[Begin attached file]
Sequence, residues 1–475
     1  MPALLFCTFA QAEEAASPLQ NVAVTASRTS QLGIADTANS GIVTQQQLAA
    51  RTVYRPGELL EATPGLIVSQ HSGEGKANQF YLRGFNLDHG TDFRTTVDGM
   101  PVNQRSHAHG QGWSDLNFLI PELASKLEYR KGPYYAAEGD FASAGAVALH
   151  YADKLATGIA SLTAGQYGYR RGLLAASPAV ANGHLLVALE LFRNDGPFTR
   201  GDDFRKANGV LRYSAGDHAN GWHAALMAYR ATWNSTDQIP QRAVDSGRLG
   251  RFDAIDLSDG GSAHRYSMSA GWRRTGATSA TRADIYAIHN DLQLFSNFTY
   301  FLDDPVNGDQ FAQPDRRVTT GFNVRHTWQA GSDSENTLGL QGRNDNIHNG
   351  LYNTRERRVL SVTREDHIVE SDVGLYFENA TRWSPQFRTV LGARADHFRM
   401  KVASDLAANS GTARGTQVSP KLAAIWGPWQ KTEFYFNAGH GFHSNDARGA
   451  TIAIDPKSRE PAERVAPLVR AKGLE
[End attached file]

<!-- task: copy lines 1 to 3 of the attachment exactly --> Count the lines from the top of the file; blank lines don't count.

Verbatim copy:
Sequence, residues 1–475
     1  MPALLFCTFA QAEEAASPLQ NVAVTASRTS QLGIADTANS GIVTQQQLAA
    51  RTVYRPGELL EATPGLIVSQ HSGEGKANQF YLRGFNLDHG TDFRTTVDGM